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Mar22WedThe Salvation Army opens new wells as part of the Safe Water project in Sri Lanka. March 22, 2017In a desperate fight against kidney disease from contaminated water, The Salvation Army in Sri Lanka has completed construction of three more wells in the country's North Central Province, bringing the total to six. The latest wells were opened in the villages of Debarella, Damsopura and Rideepokuna in December.
Major Peter McGuigan, communications and public relations secretary for The Salvation Army in Sri Lanka, launched the wells at specially organized opening ceremonies in each village. He brought greetings from Colonel Alistair Venter, territorial commander of The Salvation Army in Sri Lanka, and Commissioner Susan McMillan, territorial commander of The Salvation Army in Canada and Bermuda, the funding body of the Safe Water project.
Major McGuigan commended the teamwork involved in establishing each well, from the research phase through to completion. “In a world in which people and business can be self-focused, looking out for their own gain rather than the good of all, these wells are a symbol of what can happen when we all work together,” he said. “We can overcome challenges together, despite any differences of culture, creed or tradition.”
In each village, Major McGuigan thanked all involved, including local village and society leaders and volunteers, government representatives and contractors Aqua Technology and the National Water and Drainage Board. He also recognised the Hon. Mr. Thalatha Athukorala, MP, who thanked The Salvation Army for its commitment to addressing a critical situation in the province. In 2014, Athukorala travelled to Colombo, the capital of Sri Lanka, to meet with Salvation Army leaders when other attempts to provide the organization and funding necessary to make the wells possible had failed.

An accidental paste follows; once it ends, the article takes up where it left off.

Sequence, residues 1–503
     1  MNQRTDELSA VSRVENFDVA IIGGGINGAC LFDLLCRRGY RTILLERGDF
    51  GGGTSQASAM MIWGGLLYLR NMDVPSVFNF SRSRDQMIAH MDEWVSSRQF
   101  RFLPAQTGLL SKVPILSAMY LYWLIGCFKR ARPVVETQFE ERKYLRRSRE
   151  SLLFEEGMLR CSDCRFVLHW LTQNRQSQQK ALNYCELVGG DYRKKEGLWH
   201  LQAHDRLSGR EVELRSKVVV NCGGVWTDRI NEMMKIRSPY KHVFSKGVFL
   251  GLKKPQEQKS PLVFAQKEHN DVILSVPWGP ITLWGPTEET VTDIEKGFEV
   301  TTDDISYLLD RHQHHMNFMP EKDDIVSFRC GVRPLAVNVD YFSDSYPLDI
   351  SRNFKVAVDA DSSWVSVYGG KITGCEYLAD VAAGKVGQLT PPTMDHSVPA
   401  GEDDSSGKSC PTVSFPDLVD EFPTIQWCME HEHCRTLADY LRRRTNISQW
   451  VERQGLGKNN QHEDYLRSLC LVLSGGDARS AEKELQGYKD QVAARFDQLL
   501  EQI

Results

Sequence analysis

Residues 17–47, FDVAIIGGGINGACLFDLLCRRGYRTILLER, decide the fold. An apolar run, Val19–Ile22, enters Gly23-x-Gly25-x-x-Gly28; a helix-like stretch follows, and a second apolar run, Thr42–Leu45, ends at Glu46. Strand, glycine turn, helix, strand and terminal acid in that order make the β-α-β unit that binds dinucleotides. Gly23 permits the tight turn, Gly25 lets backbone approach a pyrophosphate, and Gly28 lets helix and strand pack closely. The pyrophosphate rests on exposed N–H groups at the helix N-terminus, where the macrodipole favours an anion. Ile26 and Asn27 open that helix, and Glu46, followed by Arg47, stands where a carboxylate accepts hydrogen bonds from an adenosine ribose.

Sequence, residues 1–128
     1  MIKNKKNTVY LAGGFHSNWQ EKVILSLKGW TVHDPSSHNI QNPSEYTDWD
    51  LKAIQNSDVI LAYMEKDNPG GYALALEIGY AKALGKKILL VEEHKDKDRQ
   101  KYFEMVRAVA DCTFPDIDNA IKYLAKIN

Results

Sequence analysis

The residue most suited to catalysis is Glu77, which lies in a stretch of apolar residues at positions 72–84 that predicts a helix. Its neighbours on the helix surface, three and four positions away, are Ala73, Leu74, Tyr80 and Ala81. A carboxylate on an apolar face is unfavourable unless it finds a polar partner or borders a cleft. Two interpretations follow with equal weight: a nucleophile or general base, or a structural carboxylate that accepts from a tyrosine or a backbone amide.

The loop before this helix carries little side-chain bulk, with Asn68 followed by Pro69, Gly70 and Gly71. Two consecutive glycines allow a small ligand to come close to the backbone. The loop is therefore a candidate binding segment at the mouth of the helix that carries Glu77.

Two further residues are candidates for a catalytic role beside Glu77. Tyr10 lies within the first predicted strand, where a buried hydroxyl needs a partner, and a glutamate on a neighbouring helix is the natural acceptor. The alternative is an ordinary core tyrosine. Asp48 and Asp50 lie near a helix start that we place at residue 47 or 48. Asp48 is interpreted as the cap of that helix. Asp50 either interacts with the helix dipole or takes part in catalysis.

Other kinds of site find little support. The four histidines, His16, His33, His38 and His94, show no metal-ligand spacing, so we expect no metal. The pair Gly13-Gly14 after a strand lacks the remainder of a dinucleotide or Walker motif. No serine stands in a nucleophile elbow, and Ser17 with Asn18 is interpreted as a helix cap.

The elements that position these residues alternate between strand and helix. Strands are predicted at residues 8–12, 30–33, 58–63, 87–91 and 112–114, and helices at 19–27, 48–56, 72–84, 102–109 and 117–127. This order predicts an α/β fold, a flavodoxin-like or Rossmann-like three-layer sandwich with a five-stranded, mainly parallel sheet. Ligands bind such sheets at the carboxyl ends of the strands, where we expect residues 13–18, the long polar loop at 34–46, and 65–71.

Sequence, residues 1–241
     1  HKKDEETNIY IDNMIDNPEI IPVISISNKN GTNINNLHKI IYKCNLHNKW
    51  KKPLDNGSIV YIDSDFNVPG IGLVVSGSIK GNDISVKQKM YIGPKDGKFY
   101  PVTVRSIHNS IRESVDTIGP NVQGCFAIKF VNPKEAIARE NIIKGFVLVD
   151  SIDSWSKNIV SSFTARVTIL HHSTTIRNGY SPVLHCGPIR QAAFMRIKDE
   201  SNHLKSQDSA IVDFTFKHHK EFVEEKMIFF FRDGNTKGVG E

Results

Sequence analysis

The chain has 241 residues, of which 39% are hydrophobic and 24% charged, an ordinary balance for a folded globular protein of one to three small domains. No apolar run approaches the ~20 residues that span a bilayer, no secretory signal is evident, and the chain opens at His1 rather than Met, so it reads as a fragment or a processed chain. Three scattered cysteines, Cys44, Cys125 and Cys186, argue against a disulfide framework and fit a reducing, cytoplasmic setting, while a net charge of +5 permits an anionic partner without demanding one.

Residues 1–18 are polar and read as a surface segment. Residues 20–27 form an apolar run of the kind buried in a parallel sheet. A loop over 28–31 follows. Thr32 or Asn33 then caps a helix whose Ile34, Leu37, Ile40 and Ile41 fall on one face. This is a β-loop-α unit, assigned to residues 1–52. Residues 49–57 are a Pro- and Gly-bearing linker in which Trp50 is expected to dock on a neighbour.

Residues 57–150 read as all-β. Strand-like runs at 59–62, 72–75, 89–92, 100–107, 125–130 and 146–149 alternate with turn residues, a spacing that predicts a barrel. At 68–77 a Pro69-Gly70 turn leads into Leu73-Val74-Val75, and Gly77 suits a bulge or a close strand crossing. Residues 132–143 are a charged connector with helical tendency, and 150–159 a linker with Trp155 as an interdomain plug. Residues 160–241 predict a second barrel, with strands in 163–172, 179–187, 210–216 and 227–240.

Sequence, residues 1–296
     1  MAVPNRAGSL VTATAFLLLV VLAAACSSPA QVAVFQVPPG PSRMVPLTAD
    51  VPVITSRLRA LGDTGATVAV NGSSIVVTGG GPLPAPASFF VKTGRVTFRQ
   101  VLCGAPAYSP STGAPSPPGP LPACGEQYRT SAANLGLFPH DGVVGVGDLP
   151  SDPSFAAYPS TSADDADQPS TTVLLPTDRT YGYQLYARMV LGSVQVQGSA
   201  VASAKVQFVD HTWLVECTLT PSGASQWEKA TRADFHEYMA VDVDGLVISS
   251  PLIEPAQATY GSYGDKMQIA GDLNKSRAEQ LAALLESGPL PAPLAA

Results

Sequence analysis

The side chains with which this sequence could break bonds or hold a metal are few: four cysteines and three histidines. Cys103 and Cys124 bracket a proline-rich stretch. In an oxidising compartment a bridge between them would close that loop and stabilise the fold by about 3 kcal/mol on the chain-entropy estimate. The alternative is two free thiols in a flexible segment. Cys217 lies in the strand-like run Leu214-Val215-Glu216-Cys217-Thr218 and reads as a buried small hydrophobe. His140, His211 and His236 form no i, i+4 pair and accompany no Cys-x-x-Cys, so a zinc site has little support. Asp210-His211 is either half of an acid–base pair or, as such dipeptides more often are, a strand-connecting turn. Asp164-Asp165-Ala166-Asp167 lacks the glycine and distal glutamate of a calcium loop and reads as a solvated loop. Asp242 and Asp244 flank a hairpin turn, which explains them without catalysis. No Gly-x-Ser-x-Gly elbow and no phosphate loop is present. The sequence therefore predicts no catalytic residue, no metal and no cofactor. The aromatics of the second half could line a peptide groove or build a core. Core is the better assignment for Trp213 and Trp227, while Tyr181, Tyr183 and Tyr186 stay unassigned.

The Safe Water project involves the construction of 15 deep water wells in North Central Province villages by 2018. Each well, once opened, will change the lives and circumstances of up to 3,000 people, including hundreds of families. Associated with the wells are livelihood development schemes where The Salvation Army brings training and resources to individuals, families and villages to help them move toward self-reliance. This includes training in new agriculture techniques, sewing and other livelihood skills.
A fully operational mobile medical clinic, funded by The Salvation Army U.S.A. Western Territory, is moving around the province testing for kidney disease and associated health problems. Early detection is critical to successful treatment.
A growing affection toward The Salvation Army was evident in each village as commemoration plaques were unveiled, the operating systems officially started and representative speeches given. The work of the Salvation Army project management team, led by Dinuka and Rasangika Rajapaksha in Polonnaruwa, and business manager Dinusha Perera in Colombo, was recognized with heartfelt applause.
“It was Jesus Christ who said that the greatest two things we can do in our lives is 'to love God and love our neighbour,' ” concluded Major McGuigan. “This is what motivates The Salvation Army. We seek both the good of the individual and the good of the whole community, without discrimination. We are working to create a better tomorrow.”
The well openings were reported on Sri Lanka's popular Sirasa and Derana national television news, and in local newspapers.